AB - Introduction:The University of Hertfordshire School of Pharmacy opened in 2005 offering a 4-year degree which includes simulation teaching for all years. This teaching approach has been reported to improve clinical skills and high levels of satisfaction amongst pharmacy students1. A recent study of final year undergraduate medical students explored the features of simulation-based teaching, using a mannequin in comparison to those listed in a Systematic Review2. There is lack of such data for pharmacy students, therefore this study aims to explore the views of undergraduate pharmacists on the use of a patient simulator.Objectives:Review the use of simulation in the MPharm programme.Explore the attitudes of second year undergraduates to the use of simulation teaching.Methods:A content analysis of the MPharm programme categorised the type of simulation teaching used and provided an estimate of the time each student spent in simulation learning. To explore attitudes, a previously designed self-administered questionnaire was used on a purposive sample of second year students. All students (n=129) undertake a Pharmacology & Therapeutics module; which involves a simulated hospital Ward Round. A clinical pharmacologist or pharmacist acts as the consultant and the drugs prescribed are discussed. Prior to attending the Ward round each student should undertake background reading. The questionnaire contained 45 statements, and was subdivided into five sections, using a five-point Likert scale (1=strongly disagree, 5=strongly agree).Results:  The programme includes simulation from Years 1 to 4. Simulations are used to teach: patient management problems, patient assessment, diagnosis, counselling, and communication skills. The mode of delivery can be student-led or trainer-led using pen and paper simulations, mannequins, standardized patients or simulated patients (role play) and computer controlled patient simulators3. Each student undertakes 30, 24, 84 and 48 hours of simulated teaching at years 1 to 4 respectively.The attitudinal survey was completed by 85 students (66% response). The key results were:General views:Students were positive about this method of learning and agreed with statements indicating simulation will improve their knowledge and skills (=4.2±1.0).Familiarisation period:Prior to the simulation event, students showed a tendency to agree that more time could be used for the familiarisation with the patient simulator (=3.7±1.1).Simulation session:Students agreed the scenarios were realistic (=4.1±1.1) and they did not agree that the video or peers affected their performance (=2.7±1.2).Debriefing session:Students agreed that the session illustrated important behavioural aspects, was handled well and improved technical knowledge (=3.9±0.9) and skills (=4.2±0.8).Opinion on simulation training:Students also agreed that they learned from watching others and enjoyed the course (=4.1±0.9).Conclusion:The MPharm course uses different simulation learning activities. Second year students have very positive attitudes to using mannequins as a method of learning. Familiarisation of students to this form of learning needs to be address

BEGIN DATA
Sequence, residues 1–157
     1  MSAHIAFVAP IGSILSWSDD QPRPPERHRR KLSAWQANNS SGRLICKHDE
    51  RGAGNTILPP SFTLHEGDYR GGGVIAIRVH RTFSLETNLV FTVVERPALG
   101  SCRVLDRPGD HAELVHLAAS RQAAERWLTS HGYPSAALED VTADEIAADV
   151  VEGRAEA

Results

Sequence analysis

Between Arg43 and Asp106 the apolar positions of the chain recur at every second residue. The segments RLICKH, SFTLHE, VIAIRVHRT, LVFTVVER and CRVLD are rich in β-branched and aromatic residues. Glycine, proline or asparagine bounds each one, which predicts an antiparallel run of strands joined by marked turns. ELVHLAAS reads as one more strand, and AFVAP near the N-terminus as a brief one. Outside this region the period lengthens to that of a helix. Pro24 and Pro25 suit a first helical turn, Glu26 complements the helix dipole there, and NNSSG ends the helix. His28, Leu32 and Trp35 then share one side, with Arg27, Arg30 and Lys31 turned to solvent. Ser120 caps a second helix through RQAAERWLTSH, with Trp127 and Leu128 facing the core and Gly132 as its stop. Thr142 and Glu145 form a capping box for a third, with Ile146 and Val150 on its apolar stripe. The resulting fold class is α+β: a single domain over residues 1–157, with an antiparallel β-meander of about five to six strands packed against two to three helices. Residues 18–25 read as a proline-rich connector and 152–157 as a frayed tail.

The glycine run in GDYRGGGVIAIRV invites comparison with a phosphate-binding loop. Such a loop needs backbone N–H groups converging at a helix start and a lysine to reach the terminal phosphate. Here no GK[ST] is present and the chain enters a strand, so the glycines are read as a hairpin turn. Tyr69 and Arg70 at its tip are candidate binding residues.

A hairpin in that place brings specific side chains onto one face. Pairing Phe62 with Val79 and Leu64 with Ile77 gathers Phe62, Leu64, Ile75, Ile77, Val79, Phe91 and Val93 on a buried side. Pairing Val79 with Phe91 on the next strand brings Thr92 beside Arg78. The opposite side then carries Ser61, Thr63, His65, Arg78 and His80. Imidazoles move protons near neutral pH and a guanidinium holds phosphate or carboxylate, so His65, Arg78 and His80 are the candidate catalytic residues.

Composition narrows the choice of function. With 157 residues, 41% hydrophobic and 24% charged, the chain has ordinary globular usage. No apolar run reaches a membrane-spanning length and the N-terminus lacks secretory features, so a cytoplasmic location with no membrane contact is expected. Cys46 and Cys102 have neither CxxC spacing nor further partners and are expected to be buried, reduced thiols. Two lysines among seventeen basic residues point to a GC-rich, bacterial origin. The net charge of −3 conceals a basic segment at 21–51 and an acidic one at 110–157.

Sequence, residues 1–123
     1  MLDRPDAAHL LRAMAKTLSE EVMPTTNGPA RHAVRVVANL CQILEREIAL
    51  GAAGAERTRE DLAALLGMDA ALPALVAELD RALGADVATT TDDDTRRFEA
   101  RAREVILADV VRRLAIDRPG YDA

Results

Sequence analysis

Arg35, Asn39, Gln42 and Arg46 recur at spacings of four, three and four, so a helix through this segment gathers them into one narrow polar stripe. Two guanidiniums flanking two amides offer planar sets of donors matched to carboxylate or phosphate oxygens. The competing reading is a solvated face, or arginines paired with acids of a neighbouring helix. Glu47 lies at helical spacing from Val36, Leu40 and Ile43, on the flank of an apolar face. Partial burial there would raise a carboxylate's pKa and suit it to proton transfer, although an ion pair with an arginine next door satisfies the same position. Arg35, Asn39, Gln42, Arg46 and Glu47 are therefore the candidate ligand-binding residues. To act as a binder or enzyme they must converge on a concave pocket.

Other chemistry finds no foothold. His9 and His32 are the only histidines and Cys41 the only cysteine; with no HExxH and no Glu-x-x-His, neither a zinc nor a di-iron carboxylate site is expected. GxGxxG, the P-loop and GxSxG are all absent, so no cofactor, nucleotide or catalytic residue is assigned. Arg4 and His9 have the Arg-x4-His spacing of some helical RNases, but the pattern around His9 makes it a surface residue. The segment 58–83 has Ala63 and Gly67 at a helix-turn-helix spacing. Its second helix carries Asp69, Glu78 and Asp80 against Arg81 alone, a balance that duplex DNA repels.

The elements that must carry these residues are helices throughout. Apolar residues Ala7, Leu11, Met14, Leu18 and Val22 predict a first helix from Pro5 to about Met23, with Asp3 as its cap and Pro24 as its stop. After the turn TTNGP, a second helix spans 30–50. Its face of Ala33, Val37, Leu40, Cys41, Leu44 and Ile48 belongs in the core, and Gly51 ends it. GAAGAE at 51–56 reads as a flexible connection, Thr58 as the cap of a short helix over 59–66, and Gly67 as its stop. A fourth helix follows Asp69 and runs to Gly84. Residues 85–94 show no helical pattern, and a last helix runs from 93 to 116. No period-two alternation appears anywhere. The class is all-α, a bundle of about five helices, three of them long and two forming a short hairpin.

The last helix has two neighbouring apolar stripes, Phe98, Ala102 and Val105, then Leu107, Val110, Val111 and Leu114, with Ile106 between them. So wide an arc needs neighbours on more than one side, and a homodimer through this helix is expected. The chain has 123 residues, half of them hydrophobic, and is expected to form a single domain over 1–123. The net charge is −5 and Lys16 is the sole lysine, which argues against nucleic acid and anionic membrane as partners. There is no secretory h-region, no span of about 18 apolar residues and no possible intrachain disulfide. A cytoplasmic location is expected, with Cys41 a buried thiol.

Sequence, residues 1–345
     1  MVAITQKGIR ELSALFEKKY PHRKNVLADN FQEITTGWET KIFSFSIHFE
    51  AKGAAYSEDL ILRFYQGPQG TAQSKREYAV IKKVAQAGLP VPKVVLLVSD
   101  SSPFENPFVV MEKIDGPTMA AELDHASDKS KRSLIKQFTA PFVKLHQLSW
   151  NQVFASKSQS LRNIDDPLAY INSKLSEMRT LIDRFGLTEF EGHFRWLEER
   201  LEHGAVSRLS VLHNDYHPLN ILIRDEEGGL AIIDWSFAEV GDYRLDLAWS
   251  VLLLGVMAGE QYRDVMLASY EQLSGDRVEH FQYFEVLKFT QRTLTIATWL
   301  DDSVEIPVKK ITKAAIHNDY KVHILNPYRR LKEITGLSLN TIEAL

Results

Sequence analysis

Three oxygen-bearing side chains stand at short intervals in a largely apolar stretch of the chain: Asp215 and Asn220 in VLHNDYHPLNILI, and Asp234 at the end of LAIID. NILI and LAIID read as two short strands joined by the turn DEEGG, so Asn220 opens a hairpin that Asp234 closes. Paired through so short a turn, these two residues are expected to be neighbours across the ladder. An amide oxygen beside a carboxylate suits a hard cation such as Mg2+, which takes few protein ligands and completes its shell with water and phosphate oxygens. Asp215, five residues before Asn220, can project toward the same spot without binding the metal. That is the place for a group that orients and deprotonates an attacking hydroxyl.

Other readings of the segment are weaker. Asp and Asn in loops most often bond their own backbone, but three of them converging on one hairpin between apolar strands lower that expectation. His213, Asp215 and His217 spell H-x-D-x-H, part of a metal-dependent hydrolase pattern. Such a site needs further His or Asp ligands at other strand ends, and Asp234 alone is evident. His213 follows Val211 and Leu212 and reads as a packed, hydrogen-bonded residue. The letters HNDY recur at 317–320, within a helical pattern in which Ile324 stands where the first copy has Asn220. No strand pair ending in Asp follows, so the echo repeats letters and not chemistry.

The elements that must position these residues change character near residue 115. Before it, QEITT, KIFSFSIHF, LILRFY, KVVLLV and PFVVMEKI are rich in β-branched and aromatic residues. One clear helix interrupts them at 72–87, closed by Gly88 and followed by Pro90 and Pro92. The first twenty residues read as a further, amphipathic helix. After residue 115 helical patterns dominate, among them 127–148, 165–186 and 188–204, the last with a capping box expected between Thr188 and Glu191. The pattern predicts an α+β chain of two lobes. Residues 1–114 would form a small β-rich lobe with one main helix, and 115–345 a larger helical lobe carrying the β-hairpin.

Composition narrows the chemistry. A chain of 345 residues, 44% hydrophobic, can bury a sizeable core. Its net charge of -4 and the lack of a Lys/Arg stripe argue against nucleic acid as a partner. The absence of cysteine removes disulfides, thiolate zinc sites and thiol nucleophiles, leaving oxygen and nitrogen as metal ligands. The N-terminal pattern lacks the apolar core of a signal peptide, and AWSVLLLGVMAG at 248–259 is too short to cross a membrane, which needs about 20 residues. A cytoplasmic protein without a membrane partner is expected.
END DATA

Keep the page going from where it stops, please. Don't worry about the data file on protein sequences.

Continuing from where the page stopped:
M3 - Poster

ER -